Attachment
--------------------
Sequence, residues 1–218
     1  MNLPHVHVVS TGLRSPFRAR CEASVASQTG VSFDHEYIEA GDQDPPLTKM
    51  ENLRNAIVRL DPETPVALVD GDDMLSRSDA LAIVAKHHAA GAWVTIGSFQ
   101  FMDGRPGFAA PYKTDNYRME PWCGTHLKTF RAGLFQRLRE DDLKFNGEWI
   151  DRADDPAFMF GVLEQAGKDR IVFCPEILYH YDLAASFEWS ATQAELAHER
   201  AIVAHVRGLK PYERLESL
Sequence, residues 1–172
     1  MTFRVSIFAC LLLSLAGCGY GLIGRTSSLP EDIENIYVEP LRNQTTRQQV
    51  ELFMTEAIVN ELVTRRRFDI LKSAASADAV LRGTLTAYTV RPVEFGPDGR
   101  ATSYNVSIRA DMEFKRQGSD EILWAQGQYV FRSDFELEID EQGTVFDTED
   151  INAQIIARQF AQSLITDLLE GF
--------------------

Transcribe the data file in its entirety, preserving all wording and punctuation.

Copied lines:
Sequence, residues 1–218
     1  MNLPHVHVVS TGLRSPFRAR CEASVASQTG VSFDHEYIEA GDQDPPLTKM
    51  ENLRNAIVRL DPETPVALVD GDDMLSRSDA LAIVAKHHAA GAWVTIGSFQ
   101  FMDGRPGFAA PYKTDNYRME PWCGTHLKTF RAGLFQRLRE DDLKFNGEWI
   151  DRADDPAFMF GVLEQAGKDR IVFCPEILYH YDLAASFEWS ATQAELAHER
   201  AIVAHVRGLK PYERLESL
Sequence, residues 1–172
     1  MTFRVSIFAC LLLSLAGCGY GLIGRTSSLP EDIENIYVEP LRNQTTRQQV
    51  ELFMTEAIVN ELVTRRRFDI LKSAASADAV LRGTLTAYTV RPVEFGPDGR
   101  ATSYNVSIRA DMEFKRQGSD EILWAQGQYV FRSDFELEID EQGTVFDTED
   151  INAQIIARQF AQSLITDLLE GF